Early anecdotal evidence points to Apple Mac mini success among Windows-only users

“The much-anticipated Mac Mini has arrived, and some Windows users who’ve toyed with the idea of a Mac are ready to open their wallets. Apple figures many Windows users have been interested in a Mac, but were daunted by the price tag,” Ina Fried writes for CNET News. “Now that the cheaper Mac Mini has arrived, how many PC users will switch?”

“Windows developer Alex Gorbatchev just bought his first Mac. The Toronto resident said he has long wanted to see how the other side lives, but the iMac was ‘too expensive a toy. I’ve never had my hands on a Mac and I’m really curious to get my hands on one,’ Gorbatchev said in an e-mail,” Fried reports. “Gorbatchev is just the kind of person Apple Computer hoped to appeal to by introducing its $499 Mac Mini. The company reasons that plenty of Windows users have been interested in a Mac but are turned off by the hefty price tag.”

“The Mac Mini is indeed cheap by Mac standards, though it’s still pricier than bottom-of-the-line PCs. That said, analysts say it is just the kind of device that could spur PC-toting iPod owners and others to give the Mac a try–the so called ‘halo effect’ Wall Street has been looking for. The main question now is just how bright a halo the new machine will shine on its maker,” Fried reports.

Full article, with many more examples, here.

MacDailyNews Take: Sticker price is not indicative of the total cost of ownership of a personal computer. Macs are immune to Windows viruses, adware, spyware, and malware. Plus the software you get and the Mac OS X operating system in unavailable on any non-Mac PC at any price. The Windows-centric media and Windows-only users who have deep-seated “Mac issues” will be grappling with understanding the Mac mini for awhile.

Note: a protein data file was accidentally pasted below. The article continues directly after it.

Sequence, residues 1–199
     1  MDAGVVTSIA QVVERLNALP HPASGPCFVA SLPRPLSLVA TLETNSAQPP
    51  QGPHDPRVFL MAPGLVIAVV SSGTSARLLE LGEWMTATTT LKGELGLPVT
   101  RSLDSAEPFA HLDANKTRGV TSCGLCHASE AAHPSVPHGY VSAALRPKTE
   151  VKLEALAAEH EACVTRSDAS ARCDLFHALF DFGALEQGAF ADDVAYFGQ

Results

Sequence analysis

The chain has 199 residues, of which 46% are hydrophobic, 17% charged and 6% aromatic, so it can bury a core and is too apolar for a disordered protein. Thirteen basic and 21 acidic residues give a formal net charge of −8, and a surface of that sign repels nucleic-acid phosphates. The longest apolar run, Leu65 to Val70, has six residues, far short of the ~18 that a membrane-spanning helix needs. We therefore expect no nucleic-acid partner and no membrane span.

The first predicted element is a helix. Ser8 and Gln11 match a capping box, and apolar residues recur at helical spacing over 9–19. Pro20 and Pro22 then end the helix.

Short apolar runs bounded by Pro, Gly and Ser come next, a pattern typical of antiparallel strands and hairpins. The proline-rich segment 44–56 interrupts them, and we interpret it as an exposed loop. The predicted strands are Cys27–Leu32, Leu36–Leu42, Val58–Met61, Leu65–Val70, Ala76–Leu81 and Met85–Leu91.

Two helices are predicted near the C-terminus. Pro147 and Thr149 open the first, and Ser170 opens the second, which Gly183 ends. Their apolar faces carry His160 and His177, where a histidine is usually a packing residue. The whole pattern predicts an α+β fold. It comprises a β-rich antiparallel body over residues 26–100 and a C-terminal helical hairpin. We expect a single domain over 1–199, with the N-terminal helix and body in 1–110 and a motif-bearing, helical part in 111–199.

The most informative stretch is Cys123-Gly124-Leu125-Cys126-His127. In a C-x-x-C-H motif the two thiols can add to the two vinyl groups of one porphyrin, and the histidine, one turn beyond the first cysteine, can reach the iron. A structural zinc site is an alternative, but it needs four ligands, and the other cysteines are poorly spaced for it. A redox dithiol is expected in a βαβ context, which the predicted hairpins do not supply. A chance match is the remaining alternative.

To really understand the Mac mini, think of it as an amazing $499 software bundle and OS package that is literally unrivaled in personal computing history that includes a free Apple Macintosh computer.

Related MacDailyNews articles:
Apple Computer equips their stealth army with mini recruiting weapons – January 14, 2005


  1. It doesn’t have to be the cheapest. It has to be cheap enough for people to consider it in addition to their other computer. And that, it clearly is.

    I can see Apple shifting nearly a million of these in the first three months. I just hope they can keep up with demand for a change.

  2. Regarding erk‘s comment, I upped the RAM on my Mac minis to 512MB. Seems sufficient as I’m using these as “set-top boxes” to high-def monitors. Bluetooth keyboards and mice for all!

    Oh, and I also added the inexpensive SuperDrive option. Duh.

  3. hopefully the average windows switcher will be knowledgeable to know that they NEED 512 to get a decent expierence from the Mac OS

    my fear is that most won’t and end up with a bad first taste of it

    256 doesn’t cut it, 512 should be standard

  4. Well, if those Wintel users are coming from XP, they should be used to 512, eh? But once they see OS X at any memory level, I think they’ll be blown away. It’s so much more clean, professional, and interactive that XP.

  5. Well I still can’t find a Dell that’s as cheap. Not on the UK Dell store. I left off the 1394 port because it comes with KB&mouse;. I did add anti-virus, but no other software. it came with some Dell software and MS works. Couldn’t order it headless. Itt came to about �50 more than the mini with a CRT and a KB&Mouse;.

    I just don’t get why they think it’s expensive.